LFP Battery-Cell Production for Electric CVs Planned in U.S.
Accelera by Cummins, Daimler Truck and Paccar collaborate to establish a 21-GWh dedicated factory with technology partner EVE Energy.
China remains the clear leader in manufacturing of lithium-ion battery cells for commercial vehicles and passenger cars, but North America will claim some of that share in the coming years as it becomes the fastest-growing regional market for planned cell capacity, according to a recent report from Clean Energy Associates (CEA).
As global lithium-ion battery-cell capacity is set to increase by 186% from 2022 to 2025, North America’s capacity growth is expected to outpace Europe’s, according to CEA, primarily due to incentives in the U.S.’s Inflation Reduction Act (IRA).
A similarly optimistic outlook from the Department of Energy’s (DOE) Vehicle Technologies Office shows that total battery manufacturing capacity in North America is projected to be nearly 20 times greater in 2030 compared to 2021 – about 1,000 gigawatt-hours (GWh) per year vs. 55 GWh/year.
Automakers such as Ford previously announced plans to install lithium iron phosphate (LFP) cell production capacity in North America. Commercial-vehicle manufacturers similarly are driving growth in this area, evidenced by an announcement on Sept. 6 that Accelera by Cummins, Daimler Truck and Paccar are forming a joint venture to manufacture LFP battery cells for battery-electric commercial vehicles and industrial applications.
Total investment is expected to be about $2-3 billion for the 21-GWh, “state-of-the-art” dedicated LFP cell factory. The first battery cells will be produced for vehicles in North America, with production scheduled to start in 2027, a Daimler Truck spokesperson shared with SAE Media. Accelera by Cummins – the company’s zero-emissions business unit – Daimler Truck and Paccar each will own 30% of the joint venture. Chinese cell maker EVE Energy will serve as the technology partner and hold a 10% ownership stake. EVE Energy will contribute its LFP battery-cell design and manufacturing expertise.
“Twenty-one gigawatt-hour is a very big number in the context of trucks and buses,” Jamie Fox, principal analyst at Interact Analysis, commented on the announcement. “A 21-GWh plant, operating at full capacity in 2026, would provide enough batteries for the entire North American market for all battery-electric buses and medium- and heavy-duty trucks combined, assuming about 10% of trucks are electric in that year.”
The partners said that the joint venture initially will focus on LFP battery cells because they offer several advantages compared to other battery chemistries such as NMC (nickel manganese cobalt) lithium-ion technology. The lower cost of LFP – largely because iron is more abundant than nickel and cobalt – is a major factor, as is its longer life and enhanced safety because LFP cells are less prone to combustion and thermal runaway.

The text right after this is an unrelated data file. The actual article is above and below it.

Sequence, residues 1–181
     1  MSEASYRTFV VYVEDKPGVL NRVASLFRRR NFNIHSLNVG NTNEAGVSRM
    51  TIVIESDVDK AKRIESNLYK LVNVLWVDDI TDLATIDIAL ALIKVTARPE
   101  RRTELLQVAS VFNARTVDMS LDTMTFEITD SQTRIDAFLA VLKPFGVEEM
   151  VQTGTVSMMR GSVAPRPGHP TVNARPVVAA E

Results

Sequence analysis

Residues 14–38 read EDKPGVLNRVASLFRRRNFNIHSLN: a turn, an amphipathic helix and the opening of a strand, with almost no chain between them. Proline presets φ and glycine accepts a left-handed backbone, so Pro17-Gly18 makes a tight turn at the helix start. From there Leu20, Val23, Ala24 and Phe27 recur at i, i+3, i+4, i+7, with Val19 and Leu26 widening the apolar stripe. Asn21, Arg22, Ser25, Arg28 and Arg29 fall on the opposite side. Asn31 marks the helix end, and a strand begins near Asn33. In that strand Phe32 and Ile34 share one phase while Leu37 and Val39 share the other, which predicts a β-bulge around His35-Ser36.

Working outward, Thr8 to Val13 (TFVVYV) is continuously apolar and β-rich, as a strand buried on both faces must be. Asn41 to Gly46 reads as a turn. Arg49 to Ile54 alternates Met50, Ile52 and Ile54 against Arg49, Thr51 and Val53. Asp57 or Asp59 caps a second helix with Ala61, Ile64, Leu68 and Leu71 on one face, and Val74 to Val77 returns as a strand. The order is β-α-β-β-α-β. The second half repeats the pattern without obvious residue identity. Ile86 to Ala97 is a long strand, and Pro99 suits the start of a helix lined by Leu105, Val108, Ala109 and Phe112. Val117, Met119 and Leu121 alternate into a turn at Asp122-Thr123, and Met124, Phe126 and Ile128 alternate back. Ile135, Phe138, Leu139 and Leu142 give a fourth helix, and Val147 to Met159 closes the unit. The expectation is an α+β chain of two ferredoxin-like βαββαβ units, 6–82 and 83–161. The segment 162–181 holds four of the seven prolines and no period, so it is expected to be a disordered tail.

“Based on today’s outlook, LFP is an excellent choice for commercial vehicles,” the Daimler Truck spokesperson said. “Various metrics or KPIs are considered in the development and design of the cell chemistry, and LFP has several advantages in terms of lifetime, cost and thermal spread resistance.”
Achieving economies of scale
The partners are collaborating to find the optimal location for the battery-cell production facility. “The team has narrowed down the list of states and locations to a few that meet our requirements, avoiding sensitive geographic locations due to CFIUS [Committee on Foreign Investment in the United States] considerations, and is now working on the final selection,” the spokesperson said. The final location likely will be announced within the next six months.
The strategic JV enables the companies to create the necessary scale to meet the expected growing demand for battery technology throughout this decade, according to Daimler Truck CEO Martin Daum. “For Daimler Truck, partnerships and a strict focus on costs and smart capital allocation are the key levers to succeed on the path towards sustainable transportation,” he said in a statement. “This planned joint venture enables economies of scale beyond Daimler Truck. It is a key puzzle piece of our battery-industrialization strategy, ensuring access to the right battery-cell technology at the right cost.”
The partners stressed their commitment to reducing carbon emissions consistent with the Paris Climate Agreement. “We have the responsibility to decarbonize in a way that is best for all of our stakeholders and the planet. This requires working closely with key partners,” Jennifer Rumsey, Cummins chair and CEO, said in the statement. “Not only are we advancing a key technology solution for our customers, but accelerating the energy transition in the United States.”
“Our vision is the highest quality, locally produced battery technology to enhance the operations of our customers and help them achieve their operational and environmental goals,” added Preston Feight, CEO of Paccar. The transaction is subject to customary closing conditions and receipt of applicable merger control and regulatory approvals.
“Battery packs in trucks and buses can have double the per-kWh price that passenger cars have – this factory may contribute towards developing economies of scale that can reduce this gap,” Interact Analysis’ Fox said. “Some may want to wait and see until the factory has actually been built, but this announcement is big enough to make people who took a bearish stance on electric trucks in North America to reconsider their position.”